Getting treatment for a common sleep problem may do more than help you sleep better – it may help you look better over the long term, too, according to a new research study from the University of Michigan Health System and Michigan Technological University.
The findings aren’t just about “looking sleepy” after a late night, or being bright-eyed after a good night’s rest.
It’s the first time researchers have shown specific improvement in facial appearance after at-home treatment for sleep apnea, a condition marked by snoring and breathing interruptions. Sleep apnea affects millions of adults – most undiagnosed – and puts them at higher risk for heart-related problems and daytime accidents.
Using a sensitive “face mapping” technique usually used by surgeons, and a panel of independent appearance raters, the researchers detected changes in 20 middle-aged apnea patients just a few months after they began using a system called CPAP to help them breathe better during sleep and overcome chronic sleepiness.
While the research needs to be confirmed by larger studies, the findings may eventually give apnea patients even more reason to stick with CPAP treatment – a challenge for some because they must wear a breathing mask in bed. CPAP is known to stop snoring, improve daytime alertness and reduce blood pressure.
Sleep neurologist Ronald Chervin, M.D., M.S., director of the U-M Sleep Disorders Center, led the study, which was funded by the Covault Memorial Foundation for Sleep Disorders Research and published in the Journal of Clinical Sleep Medicine.
Putting anecdote to the test
Chervin says the study grew out of the anecdotal evidence that sleep center staff often saw in sleep apnea patients when they came for follow-up visits after using CPAP. The team, including research program manager Deborah Ruzicka, R.N., Ph.D., sought a more scientific way to assess appearance before and after sleep treatment.
“The common lore, that people ‘look sleepy’ because they are sleepy, and that they have puffy eyes with dark circles under them, drives people to spend untold dollars on home remedies,” notes Chervin, the Michael S. Aldrich Collegiate Professor of Sleep Medicine and professor of Neurology at the U-M Medical School. “We perceived that our CPAP patients often looked better, or reported that they’d been told they looked better, after treatment. But no one has ever actually studied this.”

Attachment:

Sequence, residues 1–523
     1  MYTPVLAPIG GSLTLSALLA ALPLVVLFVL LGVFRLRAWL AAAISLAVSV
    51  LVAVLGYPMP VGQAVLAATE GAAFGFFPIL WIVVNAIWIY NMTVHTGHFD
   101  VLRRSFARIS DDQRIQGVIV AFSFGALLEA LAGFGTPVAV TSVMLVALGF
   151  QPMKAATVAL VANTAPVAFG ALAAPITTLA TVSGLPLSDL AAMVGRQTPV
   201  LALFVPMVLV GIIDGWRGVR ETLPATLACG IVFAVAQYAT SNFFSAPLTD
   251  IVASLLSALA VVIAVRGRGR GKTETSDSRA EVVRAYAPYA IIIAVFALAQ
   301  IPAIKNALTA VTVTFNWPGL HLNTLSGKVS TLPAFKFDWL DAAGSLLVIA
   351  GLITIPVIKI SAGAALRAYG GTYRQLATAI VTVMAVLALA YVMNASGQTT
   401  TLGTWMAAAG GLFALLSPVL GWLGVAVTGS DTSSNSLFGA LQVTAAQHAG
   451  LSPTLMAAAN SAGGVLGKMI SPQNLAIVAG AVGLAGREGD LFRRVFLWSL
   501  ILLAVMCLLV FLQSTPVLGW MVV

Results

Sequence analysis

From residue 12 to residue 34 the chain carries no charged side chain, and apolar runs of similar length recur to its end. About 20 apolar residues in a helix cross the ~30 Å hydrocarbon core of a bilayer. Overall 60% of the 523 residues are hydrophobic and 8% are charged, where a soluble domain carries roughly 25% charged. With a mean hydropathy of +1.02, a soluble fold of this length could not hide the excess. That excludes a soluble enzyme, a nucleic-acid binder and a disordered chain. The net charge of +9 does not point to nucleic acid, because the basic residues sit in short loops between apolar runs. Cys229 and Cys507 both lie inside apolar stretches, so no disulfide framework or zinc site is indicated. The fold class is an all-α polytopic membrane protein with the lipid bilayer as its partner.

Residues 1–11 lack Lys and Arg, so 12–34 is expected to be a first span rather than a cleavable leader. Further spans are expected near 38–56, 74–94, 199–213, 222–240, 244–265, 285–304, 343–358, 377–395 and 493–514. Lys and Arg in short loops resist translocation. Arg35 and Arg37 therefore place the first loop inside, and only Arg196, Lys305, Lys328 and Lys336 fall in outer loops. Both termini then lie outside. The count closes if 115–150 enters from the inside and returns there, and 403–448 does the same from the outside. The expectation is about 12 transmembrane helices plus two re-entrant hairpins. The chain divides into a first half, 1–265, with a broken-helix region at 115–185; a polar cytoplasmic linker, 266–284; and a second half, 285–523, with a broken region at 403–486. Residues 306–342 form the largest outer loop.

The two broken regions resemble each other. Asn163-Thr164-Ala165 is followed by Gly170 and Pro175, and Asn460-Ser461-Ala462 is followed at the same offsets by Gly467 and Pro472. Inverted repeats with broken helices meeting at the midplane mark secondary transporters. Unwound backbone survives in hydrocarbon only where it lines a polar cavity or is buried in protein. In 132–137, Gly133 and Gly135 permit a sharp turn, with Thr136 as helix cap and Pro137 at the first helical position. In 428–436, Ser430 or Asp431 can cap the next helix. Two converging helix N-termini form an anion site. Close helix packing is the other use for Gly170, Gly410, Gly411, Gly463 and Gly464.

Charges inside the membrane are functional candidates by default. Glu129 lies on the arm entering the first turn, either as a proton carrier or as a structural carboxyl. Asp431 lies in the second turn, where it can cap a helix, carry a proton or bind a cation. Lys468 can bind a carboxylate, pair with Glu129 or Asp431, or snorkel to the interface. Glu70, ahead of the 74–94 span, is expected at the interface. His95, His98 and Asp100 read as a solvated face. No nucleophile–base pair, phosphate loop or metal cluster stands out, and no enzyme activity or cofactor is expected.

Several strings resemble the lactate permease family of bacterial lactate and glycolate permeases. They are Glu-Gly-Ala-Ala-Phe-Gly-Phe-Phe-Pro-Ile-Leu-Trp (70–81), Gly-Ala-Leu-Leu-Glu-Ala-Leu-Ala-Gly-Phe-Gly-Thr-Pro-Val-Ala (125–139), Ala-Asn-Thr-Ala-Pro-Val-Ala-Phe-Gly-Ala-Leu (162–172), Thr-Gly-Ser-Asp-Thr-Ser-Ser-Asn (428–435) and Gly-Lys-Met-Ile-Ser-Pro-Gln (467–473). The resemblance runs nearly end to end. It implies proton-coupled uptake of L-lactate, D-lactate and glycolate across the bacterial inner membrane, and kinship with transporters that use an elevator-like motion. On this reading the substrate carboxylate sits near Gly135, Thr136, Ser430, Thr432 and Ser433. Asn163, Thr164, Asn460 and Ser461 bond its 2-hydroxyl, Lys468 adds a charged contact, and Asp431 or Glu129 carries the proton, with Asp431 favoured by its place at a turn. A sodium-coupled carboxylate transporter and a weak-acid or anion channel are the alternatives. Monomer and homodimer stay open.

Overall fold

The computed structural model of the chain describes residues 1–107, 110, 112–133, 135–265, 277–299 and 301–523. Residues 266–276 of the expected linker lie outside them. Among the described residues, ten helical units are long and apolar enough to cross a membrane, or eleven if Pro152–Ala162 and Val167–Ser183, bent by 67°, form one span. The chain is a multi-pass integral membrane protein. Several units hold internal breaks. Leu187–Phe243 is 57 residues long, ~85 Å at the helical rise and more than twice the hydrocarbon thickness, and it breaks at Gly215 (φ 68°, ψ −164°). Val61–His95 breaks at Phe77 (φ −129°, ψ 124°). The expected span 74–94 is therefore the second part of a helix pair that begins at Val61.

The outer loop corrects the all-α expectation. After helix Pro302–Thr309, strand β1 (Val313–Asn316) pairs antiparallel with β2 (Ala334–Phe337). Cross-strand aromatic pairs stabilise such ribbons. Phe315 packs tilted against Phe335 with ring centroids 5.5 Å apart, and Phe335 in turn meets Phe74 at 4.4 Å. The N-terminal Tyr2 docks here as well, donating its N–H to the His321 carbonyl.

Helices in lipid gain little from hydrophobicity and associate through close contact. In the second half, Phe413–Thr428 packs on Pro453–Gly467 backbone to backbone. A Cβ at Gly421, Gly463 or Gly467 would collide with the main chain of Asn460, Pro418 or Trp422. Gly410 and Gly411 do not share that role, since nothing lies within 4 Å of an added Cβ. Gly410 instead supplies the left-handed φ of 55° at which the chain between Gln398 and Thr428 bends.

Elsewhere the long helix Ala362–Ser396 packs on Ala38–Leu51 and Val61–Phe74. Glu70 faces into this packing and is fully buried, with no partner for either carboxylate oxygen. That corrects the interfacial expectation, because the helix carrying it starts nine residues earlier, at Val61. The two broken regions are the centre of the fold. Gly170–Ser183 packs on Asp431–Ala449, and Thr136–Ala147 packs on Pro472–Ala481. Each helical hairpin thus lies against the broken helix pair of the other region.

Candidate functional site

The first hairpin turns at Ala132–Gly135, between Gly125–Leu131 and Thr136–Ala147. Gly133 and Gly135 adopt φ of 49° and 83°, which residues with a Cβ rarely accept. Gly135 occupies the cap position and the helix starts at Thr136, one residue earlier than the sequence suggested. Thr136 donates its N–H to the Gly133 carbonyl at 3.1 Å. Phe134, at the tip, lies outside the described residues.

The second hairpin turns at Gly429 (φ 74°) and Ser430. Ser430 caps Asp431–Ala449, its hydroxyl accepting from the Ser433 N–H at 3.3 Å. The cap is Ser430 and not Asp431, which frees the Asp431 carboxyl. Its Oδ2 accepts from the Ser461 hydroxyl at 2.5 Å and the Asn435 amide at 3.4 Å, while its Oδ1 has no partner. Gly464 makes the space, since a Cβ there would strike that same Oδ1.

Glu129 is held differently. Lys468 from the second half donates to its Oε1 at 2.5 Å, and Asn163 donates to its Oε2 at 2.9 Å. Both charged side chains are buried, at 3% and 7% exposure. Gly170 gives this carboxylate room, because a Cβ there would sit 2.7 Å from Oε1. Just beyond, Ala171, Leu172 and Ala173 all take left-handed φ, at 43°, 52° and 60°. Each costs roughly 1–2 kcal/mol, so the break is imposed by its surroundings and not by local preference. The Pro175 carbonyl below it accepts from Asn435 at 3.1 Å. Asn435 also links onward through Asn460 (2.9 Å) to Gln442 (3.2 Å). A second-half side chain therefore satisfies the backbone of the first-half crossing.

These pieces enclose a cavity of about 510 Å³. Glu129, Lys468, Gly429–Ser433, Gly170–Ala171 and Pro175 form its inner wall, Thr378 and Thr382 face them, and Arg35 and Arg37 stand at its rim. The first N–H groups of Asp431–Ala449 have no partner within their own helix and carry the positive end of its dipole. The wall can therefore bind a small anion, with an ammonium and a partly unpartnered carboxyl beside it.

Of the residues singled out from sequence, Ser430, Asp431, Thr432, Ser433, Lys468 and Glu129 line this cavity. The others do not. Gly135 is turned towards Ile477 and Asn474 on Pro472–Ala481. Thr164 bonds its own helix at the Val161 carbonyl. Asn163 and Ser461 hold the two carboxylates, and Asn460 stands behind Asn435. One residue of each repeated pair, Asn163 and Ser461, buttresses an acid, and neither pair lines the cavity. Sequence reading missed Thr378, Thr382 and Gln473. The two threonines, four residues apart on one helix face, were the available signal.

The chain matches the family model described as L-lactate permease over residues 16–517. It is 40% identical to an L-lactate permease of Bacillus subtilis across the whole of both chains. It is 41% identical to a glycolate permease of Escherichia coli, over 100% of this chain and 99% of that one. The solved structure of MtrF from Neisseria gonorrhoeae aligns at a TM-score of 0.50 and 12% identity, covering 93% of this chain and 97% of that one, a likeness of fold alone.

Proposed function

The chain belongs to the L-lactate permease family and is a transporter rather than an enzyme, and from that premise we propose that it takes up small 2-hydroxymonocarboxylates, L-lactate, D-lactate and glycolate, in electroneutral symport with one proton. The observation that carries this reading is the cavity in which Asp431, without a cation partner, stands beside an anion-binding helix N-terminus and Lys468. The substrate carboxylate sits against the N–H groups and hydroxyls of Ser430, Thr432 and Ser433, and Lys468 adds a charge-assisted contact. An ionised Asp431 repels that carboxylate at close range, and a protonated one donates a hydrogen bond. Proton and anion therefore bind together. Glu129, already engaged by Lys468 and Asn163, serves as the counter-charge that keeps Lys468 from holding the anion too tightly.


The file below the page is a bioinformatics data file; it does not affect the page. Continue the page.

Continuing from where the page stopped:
They teamed with U-M plastic and reconstructive surgeon Steven Buchman, M.D., to use a precise face-measuring system called photogrammetry to take an array of images of the patients under identical conditions before CPAP and a few months after. Capable of measuring tiny differences in facial contours, the system helps surgeons plan operations and assess their impact.
“One of the breakthroughs in plastic surgery over the last decade has been our aim to get more objective in our outcomes,” says Buchman. “The technology used in this study demonstrates the real relationship between how you look and how you really are doing, from a health perspective.”
The research team also included longtime collaborators at the Michigan Tech Research Institute, led by signal analysis expert and engineer Joseph W. Burns, Ph.D., who developed a way to precisely map the colors of patients’ facial skin before and after CPAP treatment.
The researchers also used a subjective test of appearance: 22 independent raters were asked to look at the photos, without knowing which were the “before” pictures and which the “after” pictures of each patient. The raters were asked to rank attractiveness, alertness and youthfulness – and to pick which picture they thought showed the patient after sleep apnea treatment.
Results show improvement
They looked more alert, more youthful and more attractive. The raters also correctly identified the post-treatment photo two-thirds of the time.
Meanwhile, the objective measures of facial appearance showed that patients’ foreheads were less puffy, and their faces were less red, after CPAP treatment. The redness reduction was especially visible in 16 patients who are Caucasian, and was associated with the independent raters’ tendency to say a patient looked more alert in the post-treatment photo. The researchers also perceived, but did not have a way to measure, a reduction in forehead wrinkles after treatment.
However, the researchers note, they didn’t see a big change in facial characteristics that popular lore associates with sleepiness. “We were surprised that our approach could not document any improvement, after treatment, in tendency to have dark blue circles or puffiness under the eyes,” says Chervin. “Further research is needed, to assess facial changes in more patients, and over a longer period of CPAP treatment.”
He notes that this initial study wouldn’t have been possible without the generosity of donors who have supported U-M sleep research as a way of honoring the memory of Jonathan Covault, a promising attorney who died young, and whose undertreated sleep apnea may have contributed to his premature death. The Covault family was aware of the research study, and of the importance of research that might encourage others to seek and stay with apnea treatment.
Chervin and his colleagues hope to continue to study the effect of sleep apnea treatment on many aspects of a person’s life, including further research on appearance. “We want sleep to be on people’s minds, and to educate them about the importance of getting enough sleep and getting attention for sleep disorders,” he says.
(Source: University of Michigan – Health System, Journal of Clinical Sleep Medicine)